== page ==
5 Things You Can Learn From John Lennon

lennon-4cd-3-coverI was born in the same hospital as John, and I live a matter of minutes from his childhood home.

So Lennon has always been a big part of my musical life, and is an undoubted influence in my own music, despite being in a different genre.

I’ve just seen a really great interview with him from 1975 that I think you’ll enjoy watching. I like the interview a lot. He’s chatting with Bob Harris of the seminal British music show The Old Grey Whistle Test.

So he’s pretty relaxed and open, and in an honest, easy mood.

For us musicians, it’s especially interesting as he discusses aspects of his creative process.

You can watch it here.

Here’s the 5 things that stood out for me:

1. “I do it cos it’s fun!”

Bob asks John about his collaborations with David Bowie and Elton John. The answer is simple. “I do it cos it’s fun.”

Isn’t this something that’s easy to lose sight of when we’re doing music?

There are times when I’ve stopped enjoying music altogether. This is typically when I’m chasing some outcome or other.

How do I get out of that fog? I get back to what Lennon is talking about. I remember that I am in love with this stuff because it’s fun. And I reconnect with the in-the-moment aspects of making music.

The writer Neil Gaiman once commented that he realised that he was a professional emailer who wrote novels in his spare time.

Keep on eye on that balance. We do this because it’s fun. If it stops being fun, get back to what it’s all about and enjoy yourself.

2. “I’m a studio guy.”

I love that Lennon is clear about what he gets a kick from.

I have a great time gigging, largely because I like the social interaction that happens between the audience and me.

But I get completely immersed in the studio.

If I had 6 months to live, my thought wouldn’t be about the gigs I’d not played. It would be about the songs I’d not recorded.

So even though I enjoy my gigs, I know that making albums is the thing that really presses my buttons. Getting a song and dressing it up, and sharing it with the world.

What presses your buttons? It’s good to know. Then you can build your music business model around that.

3. “I leave nothing in the can.”

I tell this to my friends and clients all the time. If you’ve got stuff recorded, release it.

Lennon is talking about his experiences with Phil Spector on the Rock n Roll album, how the project went to pot, and how he was faced with just leaving the recordings unreleased in the can.

Check him out in the video. He has a visceral dislike for the idea. You can see it in his response.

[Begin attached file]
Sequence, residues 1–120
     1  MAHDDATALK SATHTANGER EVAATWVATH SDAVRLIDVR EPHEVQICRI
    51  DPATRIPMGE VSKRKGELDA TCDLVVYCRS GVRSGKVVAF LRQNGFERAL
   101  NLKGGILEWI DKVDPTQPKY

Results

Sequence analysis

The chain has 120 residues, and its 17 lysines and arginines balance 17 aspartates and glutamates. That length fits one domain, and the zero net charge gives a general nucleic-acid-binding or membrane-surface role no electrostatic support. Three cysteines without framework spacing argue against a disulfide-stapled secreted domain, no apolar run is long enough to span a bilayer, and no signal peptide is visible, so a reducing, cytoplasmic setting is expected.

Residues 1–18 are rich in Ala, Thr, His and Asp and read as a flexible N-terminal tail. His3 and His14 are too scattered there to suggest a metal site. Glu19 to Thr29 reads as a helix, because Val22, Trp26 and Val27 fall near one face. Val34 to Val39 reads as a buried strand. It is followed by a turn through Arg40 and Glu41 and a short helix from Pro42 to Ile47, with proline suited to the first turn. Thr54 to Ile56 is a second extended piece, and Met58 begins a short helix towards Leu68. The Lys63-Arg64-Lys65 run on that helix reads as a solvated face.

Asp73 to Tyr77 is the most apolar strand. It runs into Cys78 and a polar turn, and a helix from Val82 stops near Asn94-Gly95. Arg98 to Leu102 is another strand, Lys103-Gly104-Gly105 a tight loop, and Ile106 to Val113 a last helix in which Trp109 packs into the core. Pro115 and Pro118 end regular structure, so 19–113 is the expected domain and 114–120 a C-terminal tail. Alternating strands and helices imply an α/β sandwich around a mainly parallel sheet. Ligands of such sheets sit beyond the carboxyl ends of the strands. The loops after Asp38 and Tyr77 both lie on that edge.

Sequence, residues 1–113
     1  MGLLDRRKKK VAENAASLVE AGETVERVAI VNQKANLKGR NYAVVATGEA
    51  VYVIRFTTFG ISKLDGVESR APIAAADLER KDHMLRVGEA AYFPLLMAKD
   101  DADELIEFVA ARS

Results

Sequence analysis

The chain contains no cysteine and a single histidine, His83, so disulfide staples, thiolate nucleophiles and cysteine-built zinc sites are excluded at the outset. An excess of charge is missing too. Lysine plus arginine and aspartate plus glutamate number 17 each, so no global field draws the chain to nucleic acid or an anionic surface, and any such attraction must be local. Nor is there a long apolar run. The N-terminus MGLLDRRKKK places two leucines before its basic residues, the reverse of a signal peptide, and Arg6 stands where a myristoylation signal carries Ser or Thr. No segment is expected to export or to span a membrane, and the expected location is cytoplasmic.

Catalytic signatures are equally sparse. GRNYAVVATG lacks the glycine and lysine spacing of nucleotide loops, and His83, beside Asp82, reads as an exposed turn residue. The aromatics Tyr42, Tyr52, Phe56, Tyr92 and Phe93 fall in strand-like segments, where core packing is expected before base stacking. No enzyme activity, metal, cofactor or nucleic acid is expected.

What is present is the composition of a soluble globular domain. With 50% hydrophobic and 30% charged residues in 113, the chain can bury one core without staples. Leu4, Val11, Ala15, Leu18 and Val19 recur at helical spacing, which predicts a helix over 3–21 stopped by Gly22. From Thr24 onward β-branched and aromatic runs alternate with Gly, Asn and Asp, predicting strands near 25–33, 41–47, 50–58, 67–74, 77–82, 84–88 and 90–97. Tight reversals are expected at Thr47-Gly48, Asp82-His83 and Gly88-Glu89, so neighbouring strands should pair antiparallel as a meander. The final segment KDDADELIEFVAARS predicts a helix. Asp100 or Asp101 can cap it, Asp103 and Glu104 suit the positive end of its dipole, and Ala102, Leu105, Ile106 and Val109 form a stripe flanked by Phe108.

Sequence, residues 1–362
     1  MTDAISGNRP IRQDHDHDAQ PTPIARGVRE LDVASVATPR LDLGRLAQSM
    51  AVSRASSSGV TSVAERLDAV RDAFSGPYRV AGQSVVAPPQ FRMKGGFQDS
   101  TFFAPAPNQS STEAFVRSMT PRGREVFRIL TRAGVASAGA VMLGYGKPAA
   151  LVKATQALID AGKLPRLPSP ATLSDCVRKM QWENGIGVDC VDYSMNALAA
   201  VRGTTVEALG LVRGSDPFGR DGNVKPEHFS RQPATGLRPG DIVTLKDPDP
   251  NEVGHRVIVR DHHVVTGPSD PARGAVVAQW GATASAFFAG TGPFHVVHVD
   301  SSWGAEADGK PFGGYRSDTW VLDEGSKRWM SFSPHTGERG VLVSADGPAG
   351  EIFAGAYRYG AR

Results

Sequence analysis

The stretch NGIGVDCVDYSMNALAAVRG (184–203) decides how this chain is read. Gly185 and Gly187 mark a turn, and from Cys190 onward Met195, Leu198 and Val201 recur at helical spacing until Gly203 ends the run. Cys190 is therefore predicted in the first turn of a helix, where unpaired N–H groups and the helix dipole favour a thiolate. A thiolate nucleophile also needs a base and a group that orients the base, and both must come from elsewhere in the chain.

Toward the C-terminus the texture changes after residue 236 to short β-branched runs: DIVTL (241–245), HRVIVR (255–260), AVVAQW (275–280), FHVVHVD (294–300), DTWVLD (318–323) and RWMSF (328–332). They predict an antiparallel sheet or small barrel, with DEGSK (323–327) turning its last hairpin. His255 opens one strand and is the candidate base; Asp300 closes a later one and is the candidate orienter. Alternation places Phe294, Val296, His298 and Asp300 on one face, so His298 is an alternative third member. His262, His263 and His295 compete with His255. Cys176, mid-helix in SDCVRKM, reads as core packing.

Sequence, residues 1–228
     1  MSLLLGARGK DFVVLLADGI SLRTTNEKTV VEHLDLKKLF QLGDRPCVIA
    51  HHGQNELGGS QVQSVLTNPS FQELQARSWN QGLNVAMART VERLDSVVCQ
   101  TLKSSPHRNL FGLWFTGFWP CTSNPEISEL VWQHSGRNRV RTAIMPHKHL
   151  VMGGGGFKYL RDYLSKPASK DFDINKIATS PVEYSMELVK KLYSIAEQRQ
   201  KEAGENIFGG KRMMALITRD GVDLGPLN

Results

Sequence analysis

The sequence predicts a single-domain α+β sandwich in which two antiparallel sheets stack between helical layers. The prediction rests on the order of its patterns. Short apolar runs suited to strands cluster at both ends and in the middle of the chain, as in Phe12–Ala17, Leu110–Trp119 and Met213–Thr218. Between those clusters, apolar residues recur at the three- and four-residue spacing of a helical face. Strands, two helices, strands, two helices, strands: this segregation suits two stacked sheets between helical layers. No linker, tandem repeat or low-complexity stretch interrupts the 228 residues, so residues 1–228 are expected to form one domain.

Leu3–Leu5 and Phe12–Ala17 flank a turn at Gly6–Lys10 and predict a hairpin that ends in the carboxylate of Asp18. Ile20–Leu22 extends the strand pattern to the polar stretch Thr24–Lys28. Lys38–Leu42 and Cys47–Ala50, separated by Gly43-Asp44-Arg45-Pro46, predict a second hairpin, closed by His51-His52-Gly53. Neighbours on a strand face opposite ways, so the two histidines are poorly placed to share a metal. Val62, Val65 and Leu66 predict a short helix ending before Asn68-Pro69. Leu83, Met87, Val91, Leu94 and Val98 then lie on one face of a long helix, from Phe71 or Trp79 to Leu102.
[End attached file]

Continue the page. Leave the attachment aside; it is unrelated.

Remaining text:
“I leave nothing in the can. And nor did The Beatles.” The very idea is alien to him. If you’ve created something, share it.

What do you have that you’ve not yet shared? Commit to sharing it in some form with your audience, whether that be an unrecorded song that needs recording, or an unreleased song that needs to be set loose into the world.

4. “I take 8 weeks to make an album.”

People think you have to take ages to make an album. Many bands lock themselves away in a studio and emerge months (sometimes years later) with their record.

I remember when I first started making records. This idea of being locked away for months puzzled me.

“What the hell do they do in there?” I used to ask. After all, it takes me 3 minutes to sing a song. So how can it take a whole year to record 10 tracks?

With this wide eyed naivety, I booked just one day’s worth of studio time for my first album. Worse still, my drummer didn’t show for the first 6 hours of the session!

We still got the album done in the 6 hours we had left. That included mixing too!

I can see with experience how a bit more time would have improved some things. But fundamentally, we were pretty much done within 6 hours.

An extra day would have allowed us to put the finishing touches. Yet good rehearsal meant we didn’t really need more than that.

Lennon had a similar approach. “It only takes me 8 weeks to make an album.”

Perfectionism is a kind of waste, and a form of procrastination. Lennon often did things in one take, as you’ll see next.

5. “Just finish it.” 

He talks of how he salvaged his Rock n Roll album. The project was a mess. But he said to himself “just finish it.”

It’s advice that I dole out to colleagues all the time and was the subject of a previous blog post.

Rather than leave it all unfinished, he went and got it done within five days, doing three songs a night in one take.

Like he said, “it’s rock and roll.”

So what are your unfinished projects? Do you have a song half recorded? Or an incomplete album? Or a half written song? Follow John Lennon’s example and just finish it.